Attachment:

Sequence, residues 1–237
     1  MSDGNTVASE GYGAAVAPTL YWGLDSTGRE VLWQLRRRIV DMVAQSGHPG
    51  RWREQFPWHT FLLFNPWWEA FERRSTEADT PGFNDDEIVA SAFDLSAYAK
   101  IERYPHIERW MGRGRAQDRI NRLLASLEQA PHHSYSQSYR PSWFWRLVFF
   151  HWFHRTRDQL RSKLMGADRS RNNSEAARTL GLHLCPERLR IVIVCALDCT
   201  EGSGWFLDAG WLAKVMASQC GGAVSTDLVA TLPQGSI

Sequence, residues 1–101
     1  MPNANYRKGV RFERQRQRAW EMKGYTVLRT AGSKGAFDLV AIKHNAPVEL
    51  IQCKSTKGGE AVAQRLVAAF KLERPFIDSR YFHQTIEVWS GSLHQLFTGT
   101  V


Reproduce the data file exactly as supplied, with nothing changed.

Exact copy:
Sequence, residues 1–237
     1  MSDGNTVASE GYGAAVAPTL YWGLDSTGRE VLWQLRRRIV DMVAQSGHPG
    51  RWREQFPWHT FLLFNPWWEA FERRSTEADT PGFNDDEIVA SAFDLSAYAK
   101  IERYPHIERW MGRGRAQDRI NRLLASLEQA PHHSYSQSYR PSWFWRLVFF
   151  HWFHRTRDQL RSKLMGADRS RNNSEAARTL GLHLCPERLR IVIVCALDCT
   201  EGSGWFLDAG WLAKVMASQC GGAVSTDLVA TLPQGSI

Sequence, residues 1–101
     1  MPNANYRKGV RFERQRQRAW EMKGYTVLRT AGSKGAFDLV AIKHNAPVEL
    51  IQCKSTKGGE AVAQRLVAAF KLERPFIDSR YFHQTIEVWS GSLHQLFTGT
   101  V